By design, I’m not trying to reach 100%. I group my goals into personal and professional ones. On average, I set 25 goals per year.

Number of goals set per year by type

Within a group, I also identify if goals are 1) high-priority (land major benefits to me or my family and should be fully completed) or 2) stretch (still important, but I’m not going to dread if their completion rate is lower). This strategy challenges me while keeping the anxiety and stress at low levels. I could be aggressive, shoot for 100%, and put in the work to get them done. However, that’s not the point. I set goals to improve my life instead of hitting a number.

How you write your goals matters

Which one would be your pick?

  1. Read 24 books per year;
  2. Read two books per month.

And what about this?

  1. Work out three times a week;
  2. Work out 12 times a month.

If you’re tracking your goals monthly, you should write them in a way that leads to success. While reaching numbers is not the point, they can boost or deplete your motivation to keep going. It should also be clear what the benefit is of completing a goal.

In the first example, reading 24 books per year is better than reading two books per month. Lengthy books can take longer than a month to read. The benefits of reading (have fun, learn, or whatever you’re looking for) aren’t time-sensitive. You should claim that you accomplished 1/12 of your goal when you finish a book instead of thinking you failed to complete 1/12 of it for not reading a book in a given month.

In the second example, you’re more likely to achieve the benefits of working out (being healthier, feeling replenished, and so on) by spreading the exercises throughout the month. Even though it’s harder to have the discipline to work out three times a week, it would be a more appropriate goal than working out 12 times a month. You could hit the target, for instance, by frontloading the workouts at the beginning of the month, but that would defeat the actual purpose of it.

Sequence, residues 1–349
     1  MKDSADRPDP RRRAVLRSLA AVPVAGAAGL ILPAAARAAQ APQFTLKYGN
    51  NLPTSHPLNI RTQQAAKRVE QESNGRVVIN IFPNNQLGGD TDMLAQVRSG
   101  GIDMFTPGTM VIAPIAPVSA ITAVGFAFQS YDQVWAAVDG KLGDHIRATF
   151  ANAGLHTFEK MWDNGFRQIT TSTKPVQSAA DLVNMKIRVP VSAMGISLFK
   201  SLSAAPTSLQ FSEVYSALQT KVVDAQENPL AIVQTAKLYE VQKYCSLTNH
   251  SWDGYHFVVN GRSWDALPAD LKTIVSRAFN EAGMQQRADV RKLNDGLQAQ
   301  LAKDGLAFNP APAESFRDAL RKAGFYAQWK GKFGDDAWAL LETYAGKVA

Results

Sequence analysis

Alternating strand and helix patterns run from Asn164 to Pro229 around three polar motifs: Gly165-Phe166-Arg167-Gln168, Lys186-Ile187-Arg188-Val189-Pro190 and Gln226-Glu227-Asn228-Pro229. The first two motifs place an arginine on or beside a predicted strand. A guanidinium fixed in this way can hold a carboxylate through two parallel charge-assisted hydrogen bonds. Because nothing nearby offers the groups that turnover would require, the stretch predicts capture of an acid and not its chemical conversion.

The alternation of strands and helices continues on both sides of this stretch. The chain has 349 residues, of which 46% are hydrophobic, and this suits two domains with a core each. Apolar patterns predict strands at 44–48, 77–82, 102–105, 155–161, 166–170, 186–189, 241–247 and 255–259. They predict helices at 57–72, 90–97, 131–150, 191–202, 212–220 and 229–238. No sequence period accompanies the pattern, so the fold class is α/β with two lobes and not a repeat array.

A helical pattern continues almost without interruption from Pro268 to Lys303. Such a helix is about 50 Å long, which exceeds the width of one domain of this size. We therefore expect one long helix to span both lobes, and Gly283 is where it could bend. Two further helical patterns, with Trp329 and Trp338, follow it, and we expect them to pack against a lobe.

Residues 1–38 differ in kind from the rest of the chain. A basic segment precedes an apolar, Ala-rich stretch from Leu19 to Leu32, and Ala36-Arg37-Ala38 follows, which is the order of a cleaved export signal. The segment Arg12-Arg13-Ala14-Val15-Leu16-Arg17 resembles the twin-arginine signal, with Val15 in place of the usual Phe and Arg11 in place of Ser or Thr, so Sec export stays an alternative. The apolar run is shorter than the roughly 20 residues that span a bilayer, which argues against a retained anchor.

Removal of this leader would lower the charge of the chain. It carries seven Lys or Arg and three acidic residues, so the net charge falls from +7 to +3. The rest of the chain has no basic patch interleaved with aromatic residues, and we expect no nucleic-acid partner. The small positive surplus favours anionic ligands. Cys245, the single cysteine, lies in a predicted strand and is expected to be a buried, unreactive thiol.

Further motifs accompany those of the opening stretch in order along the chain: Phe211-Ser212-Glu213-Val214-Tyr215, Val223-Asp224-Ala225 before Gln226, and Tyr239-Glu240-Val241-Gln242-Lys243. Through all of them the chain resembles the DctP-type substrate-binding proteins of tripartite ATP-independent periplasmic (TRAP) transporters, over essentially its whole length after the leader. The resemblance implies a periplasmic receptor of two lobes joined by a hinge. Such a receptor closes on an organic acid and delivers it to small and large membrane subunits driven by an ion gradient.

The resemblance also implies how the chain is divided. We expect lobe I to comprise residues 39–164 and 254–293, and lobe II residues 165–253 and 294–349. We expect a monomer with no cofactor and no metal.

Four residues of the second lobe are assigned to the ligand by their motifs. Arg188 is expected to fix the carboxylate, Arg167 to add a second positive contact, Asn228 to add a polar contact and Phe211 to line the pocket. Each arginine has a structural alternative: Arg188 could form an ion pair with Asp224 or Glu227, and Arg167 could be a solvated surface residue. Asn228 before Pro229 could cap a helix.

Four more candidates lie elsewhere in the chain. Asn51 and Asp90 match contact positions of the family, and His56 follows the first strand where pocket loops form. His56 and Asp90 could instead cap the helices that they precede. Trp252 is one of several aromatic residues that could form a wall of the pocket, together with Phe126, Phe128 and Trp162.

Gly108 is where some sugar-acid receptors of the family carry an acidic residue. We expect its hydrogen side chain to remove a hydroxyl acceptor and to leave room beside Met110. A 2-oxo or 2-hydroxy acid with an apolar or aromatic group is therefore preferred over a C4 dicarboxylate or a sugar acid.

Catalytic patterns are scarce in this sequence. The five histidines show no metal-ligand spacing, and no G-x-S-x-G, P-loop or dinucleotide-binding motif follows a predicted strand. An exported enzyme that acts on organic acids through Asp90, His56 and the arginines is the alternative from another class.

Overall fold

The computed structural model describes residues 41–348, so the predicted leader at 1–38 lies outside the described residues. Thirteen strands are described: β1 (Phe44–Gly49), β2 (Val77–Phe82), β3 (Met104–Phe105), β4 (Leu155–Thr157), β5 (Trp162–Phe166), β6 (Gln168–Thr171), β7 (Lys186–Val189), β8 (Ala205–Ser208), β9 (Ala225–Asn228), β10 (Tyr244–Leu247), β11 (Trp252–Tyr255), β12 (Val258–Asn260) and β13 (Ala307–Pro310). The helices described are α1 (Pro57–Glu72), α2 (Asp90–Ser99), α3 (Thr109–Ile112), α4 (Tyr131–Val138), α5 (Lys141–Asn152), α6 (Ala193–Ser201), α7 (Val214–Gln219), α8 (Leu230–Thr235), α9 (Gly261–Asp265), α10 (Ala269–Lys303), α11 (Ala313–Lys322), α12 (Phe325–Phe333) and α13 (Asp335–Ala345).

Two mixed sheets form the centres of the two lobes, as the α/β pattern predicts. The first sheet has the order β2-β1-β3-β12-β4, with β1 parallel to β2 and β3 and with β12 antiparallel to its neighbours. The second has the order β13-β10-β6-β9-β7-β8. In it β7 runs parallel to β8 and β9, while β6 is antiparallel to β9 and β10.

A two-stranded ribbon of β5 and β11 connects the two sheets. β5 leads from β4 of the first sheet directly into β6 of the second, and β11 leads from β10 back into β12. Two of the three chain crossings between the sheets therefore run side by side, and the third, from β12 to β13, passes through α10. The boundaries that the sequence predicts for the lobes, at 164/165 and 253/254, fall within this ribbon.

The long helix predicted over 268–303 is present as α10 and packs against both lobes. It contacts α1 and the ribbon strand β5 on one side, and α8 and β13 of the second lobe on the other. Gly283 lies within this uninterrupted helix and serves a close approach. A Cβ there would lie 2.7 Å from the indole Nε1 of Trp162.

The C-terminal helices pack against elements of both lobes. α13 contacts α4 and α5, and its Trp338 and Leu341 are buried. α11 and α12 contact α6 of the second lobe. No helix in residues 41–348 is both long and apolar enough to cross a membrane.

• Goal achievement is not linear over the year, we will have bad months, but that shouldn’t be a reason to give up.
  • Set challenging goals but don’t expect to meet all of them. Set stretch goals knowing that you most likely won’t fully achieve them.
  • Break down your goals in meaningful chunks that could be accomplished over the year. Review how you wrote them and keep in mind the reason behind pursuing them.
  • Be honest with yourself but don’t be harsh.

From a book per year to 20+

Reading was (very) boring when I was a teenager. I could never read more than a few pages without falling asleep. Literature exams were stressful since I used to either skim through the books or ask people around what the ‘story’ was about. It was just not my thing. Fast forward many years, and somehow I started enjoying reading. But what has changed? Maybe I just got old(er). Maybe not. Let me take you through what I believe drove change.

Understand why I disliked reading

When I was a kid, I used to read entertaining books at school. Then when I was 12 or so, I had to start reading classical ones. Written ages ago, those books were just not compelling to me. The language was archaic, and the stories were too introspective and sometimes cryptic. After years and years of having to deal with them, I couldn’t bear reading.